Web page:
Mononuclear phagocytes, an integral part of the lymphoreticular infiltrate of human and experimental tumors, might contribute to tumor-associated fibrin deposition through the development of procoagulant activity (PCA). We have investigated PCA of tumor-associated macrophages (TAM) in 6 transplanted murine tumors in syngeneic hosts; peritoneal macrophages form tumor-bearing and control animals were studied also, as reference cell populations. PCA was evaluated by a one-stage clotting assay immediately after preparation and following incubation in the absence and in the presence of endotoxin. TAM from 5 poorly immunogenic tumors (mFS6, MN/MCA1, R 80/44, M109 and MS2) had basal PCA levels comparable to or somewhat lower than those of peritoneal macrophages from the same animals. Similar PCA was found in peritoneal macrophages from both control and tumor-bearing animals. Unlike peritoneal macrophages, TAM in all instances failed to respond with increased PCA when exposed to endotoxin in vitro. Failure to respond to endotoxin could not be ascribed to contaminating tumor cells or their products, to the presence of suppressive macrophage populations or to the lack of lymphocyte 'help'. TAM from a strongly immunogenic, regressing tumor (MSV sacroma), in contrast to its non-immunogenic variant, MS2, and to the 4 other tumors mentioned above, expressed high levels of PCA immediately after isolation. The latter did not increase further following in vitro stimulation with endotoxin. When MSV sarcomas were induced in nude mice, TAM showed PCA levels similar to those of the euthymic hosts, suggesting that the procoagulant response was largely independent of T-cell-mediated immunity.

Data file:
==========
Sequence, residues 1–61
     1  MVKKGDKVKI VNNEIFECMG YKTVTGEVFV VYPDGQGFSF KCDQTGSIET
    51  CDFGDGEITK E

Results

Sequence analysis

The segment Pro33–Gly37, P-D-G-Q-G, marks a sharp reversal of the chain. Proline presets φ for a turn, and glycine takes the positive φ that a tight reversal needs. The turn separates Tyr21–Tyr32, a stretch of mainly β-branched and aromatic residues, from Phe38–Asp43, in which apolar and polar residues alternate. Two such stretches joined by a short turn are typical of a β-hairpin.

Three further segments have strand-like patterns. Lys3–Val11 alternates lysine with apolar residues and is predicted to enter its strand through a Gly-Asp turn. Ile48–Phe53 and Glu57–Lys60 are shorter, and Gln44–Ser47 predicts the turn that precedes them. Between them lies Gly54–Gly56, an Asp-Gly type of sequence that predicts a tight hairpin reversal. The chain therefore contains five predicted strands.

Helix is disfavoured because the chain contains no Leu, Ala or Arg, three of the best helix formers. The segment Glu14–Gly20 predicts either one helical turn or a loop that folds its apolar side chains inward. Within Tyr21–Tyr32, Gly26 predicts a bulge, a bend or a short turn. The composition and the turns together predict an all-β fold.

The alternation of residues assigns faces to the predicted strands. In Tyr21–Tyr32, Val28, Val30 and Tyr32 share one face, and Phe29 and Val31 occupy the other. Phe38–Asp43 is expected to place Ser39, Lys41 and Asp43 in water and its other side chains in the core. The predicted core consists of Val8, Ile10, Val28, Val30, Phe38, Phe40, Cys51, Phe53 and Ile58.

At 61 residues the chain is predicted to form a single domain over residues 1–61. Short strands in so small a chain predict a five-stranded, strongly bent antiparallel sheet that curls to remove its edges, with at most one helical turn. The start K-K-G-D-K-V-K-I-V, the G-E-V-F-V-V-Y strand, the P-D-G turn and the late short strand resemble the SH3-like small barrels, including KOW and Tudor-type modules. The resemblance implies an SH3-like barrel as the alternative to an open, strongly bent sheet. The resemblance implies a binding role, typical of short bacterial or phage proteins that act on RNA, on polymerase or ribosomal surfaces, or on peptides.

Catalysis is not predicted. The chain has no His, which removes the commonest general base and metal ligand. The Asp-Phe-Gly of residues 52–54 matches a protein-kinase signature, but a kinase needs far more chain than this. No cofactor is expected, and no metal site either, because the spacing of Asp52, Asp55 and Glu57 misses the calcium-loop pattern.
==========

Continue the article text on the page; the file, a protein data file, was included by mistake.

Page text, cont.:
|Number of pages||6|
|Journal||International Journal of Cancer|
|Publication status||Published - 1984|
ASJC Scopus subject areas
- Cancer Research